this piece, from the atlantic, on 'privileged, white' twenty-something addicts, is typical of a certain style of middle-brow, pseudo-profound analysis, a genre pioneered by people like malcolm gladwell and, um, jonah lehrer. liz kulze produces a seemingly definitive account that is just a mess. now i am going to attack almost any 'external' account of addiction; i think if you are explaining addiction as something bizarre and external that needs to be explained sociologically or medically, you've already missed everything, or you have little credibility; the only real explanations include the first-person experience of addiction, which does not come from collaging quotes to make your pre-conceived points. but just one problem with kulze's account: it accounts for addiction in this sort of person, first, on the grounds that these kids are coddled and spoiled so much that they never form a self, and second, because their parents are always driving them to succeed, that they grew up in excessively-structured contexts, both in their families and in educational institutions. surely these things are in tension with one another. but either way, over and over, she moves straight from incredibly vague cultural observations that apply perfectly well to non-addicts and addicts alike (but really apply to no one in particular) to an explanation of particular people's addiction.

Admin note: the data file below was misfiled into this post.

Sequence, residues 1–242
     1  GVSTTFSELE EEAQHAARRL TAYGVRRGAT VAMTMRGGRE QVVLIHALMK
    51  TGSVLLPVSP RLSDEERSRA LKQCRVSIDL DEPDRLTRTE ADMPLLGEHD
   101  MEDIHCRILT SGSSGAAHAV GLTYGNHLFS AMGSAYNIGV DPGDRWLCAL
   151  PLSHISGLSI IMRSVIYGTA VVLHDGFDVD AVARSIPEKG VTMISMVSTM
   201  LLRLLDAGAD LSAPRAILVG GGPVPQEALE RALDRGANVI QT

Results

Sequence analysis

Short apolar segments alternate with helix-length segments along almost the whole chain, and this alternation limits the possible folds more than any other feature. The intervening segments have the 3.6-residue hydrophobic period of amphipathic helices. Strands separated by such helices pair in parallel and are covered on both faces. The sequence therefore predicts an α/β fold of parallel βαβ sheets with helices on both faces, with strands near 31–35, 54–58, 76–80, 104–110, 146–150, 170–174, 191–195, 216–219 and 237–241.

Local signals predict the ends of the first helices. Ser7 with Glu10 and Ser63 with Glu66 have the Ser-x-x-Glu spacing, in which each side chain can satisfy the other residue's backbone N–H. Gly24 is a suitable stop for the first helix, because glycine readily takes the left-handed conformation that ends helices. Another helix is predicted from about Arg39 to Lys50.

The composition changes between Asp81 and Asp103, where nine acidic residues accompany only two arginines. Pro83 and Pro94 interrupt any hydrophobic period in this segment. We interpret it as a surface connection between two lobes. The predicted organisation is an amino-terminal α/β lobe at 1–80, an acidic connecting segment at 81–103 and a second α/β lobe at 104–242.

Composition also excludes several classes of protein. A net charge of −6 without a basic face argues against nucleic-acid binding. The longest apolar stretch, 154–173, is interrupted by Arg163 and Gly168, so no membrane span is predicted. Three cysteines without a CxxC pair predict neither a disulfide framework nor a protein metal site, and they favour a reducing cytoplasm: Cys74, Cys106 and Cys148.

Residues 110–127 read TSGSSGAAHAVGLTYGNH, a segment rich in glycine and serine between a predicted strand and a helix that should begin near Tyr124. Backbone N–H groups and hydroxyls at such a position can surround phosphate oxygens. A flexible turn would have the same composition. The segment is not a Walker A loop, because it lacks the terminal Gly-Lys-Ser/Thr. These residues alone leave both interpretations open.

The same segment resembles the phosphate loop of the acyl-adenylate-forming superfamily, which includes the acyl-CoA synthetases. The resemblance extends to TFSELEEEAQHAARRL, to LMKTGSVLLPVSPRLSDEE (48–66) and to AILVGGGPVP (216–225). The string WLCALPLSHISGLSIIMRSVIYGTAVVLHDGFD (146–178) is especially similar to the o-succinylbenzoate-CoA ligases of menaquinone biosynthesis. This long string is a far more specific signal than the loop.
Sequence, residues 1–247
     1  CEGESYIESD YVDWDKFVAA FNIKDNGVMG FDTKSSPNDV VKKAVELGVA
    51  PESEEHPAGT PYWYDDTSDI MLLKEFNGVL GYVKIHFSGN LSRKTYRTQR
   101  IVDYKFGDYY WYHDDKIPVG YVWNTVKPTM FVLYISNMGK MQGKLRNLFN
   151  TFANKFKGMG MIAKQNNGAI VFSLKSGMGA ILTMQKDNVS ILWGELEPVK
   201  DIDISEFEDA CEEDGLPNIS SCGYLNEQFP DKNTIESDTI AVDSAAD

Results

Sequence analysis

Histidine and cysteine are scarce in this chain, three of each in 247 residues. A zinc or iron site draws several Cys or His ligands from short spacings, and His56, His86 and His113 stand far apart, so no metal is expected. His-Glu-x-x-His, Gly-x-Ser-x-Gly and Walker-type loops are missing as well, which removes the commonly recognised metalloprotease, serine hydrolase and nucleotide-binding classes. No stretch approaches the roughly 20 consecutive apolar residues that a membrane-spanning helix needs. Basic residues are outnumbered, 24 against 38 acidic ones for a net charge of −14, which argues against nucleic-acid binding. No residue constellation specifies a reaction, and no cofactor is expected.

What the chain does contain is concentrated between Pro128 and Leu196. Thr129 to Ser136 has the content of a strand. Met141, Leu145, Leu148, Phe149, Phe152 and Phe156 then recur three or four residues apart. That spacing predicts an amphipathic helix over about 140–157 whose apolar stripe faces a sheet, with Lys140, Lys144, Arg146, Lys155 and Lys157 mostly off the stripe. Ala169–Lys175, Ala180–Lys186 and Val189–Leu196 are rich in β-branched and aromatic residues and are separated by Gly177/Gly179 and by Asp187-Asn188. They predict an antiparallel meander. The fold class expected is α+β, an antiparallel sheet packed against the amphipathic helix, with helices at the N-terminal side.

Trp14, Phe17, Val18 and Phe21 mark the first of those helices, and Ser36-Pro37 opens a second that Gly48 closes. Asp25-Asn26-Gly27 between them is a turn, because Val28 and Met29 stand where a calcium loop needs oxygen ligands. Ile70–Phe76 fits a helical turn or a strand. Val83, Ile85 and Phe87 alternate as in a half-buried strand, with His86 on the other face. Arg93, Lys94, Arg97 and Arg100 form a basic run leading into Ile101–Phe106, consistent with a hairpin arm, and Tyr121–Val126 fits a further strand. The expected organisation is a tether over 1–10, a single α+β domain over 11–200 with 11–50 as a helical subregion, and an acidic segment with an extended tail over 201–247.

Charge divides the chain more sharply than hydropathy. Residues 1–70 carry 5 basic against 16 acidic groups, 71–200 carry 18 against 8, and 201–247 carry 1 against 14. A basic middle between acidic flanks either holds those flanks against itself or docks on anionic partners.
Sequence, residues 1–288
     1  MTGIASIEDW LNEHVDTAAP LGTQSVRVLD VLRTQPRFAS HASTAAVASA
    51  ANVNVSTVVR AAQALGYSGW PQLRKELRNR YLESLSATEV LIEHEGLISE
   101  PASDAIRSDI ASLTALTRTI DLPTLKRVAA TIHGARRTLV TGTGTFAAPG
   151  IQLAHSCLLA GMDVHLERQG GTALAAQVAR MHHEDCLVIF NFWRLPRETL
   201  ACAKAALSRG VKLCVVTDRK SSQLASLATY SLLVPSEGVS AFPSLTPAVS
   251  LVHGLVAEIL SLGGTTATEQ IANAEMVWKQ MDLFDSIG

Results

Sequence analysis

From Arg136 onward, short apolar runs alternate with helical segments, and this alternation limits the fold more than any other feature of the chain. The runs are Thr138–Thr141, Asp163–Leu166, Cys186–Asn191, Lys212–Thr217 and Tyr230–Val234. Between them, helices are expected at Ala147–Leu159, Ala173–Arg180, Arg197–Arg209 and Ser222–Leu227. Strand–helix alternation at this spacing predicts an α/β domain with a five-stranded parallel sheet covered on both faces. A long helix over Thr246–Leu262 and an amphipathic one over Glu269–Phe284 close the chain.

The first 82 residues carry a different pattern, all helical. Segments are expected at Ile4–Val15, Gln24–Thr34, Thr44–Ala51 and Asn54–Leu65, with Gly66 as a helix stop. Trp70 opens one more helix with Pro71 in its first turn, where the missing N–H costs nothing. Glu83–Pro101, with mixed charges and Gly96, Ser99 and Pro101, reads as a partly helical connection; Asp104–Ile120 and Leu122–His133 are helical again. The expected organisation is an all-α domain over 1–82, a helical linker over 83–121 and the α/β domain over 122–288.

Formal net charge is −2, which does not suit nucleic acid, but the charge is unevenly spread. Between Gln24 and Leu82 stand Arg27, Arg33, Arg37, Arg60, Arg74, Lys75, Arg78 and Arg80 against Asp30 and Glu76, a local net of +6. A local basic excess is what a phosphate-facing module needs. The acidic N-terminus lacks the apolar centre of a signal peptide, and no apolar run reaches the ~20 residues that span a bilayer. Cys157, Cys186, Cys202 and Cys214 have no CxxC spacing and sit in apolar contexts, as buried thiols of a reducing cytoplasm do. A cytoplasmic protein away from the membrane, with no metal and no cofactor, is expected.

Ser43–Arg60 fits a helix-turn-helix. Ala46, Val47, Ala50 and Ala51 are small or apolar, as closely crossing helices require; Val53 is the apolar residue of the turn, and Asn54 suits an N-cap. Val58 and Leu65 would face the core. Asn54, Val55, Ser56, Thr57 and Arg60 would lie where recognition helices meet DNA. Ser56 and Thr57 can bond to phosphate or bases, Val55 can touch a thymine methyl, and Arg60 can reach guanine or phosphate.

first off, i doubt that addiction is a greater problem in this population than in many others. but it is an explanatory problem: how can people like me end up like that? i'm going to tell you exactly how: the same way people not like you end up like that. the essence of addiction is in the relation betweeen the person and the substance: demographic explanations are going to be wrong, especially if you start by assuming that certain people should be immune. addiction among privileged, white twenty-somethings is exactly no more puzzling than among trailer-dwelling rednecks or inner-city black people, and that you think the one needs explaining and the other does not only displays all your prejudices right there on the page. you might start out instead, if you have to go sociological or whatever, with addiction patterns among the parents of these people. and then that you offer pseudo-profound pseudo-explanations that do absolutely nothing just shows that you've been reading way too much new yorker. on both counts, you need to get out of your own little demographic spider hole.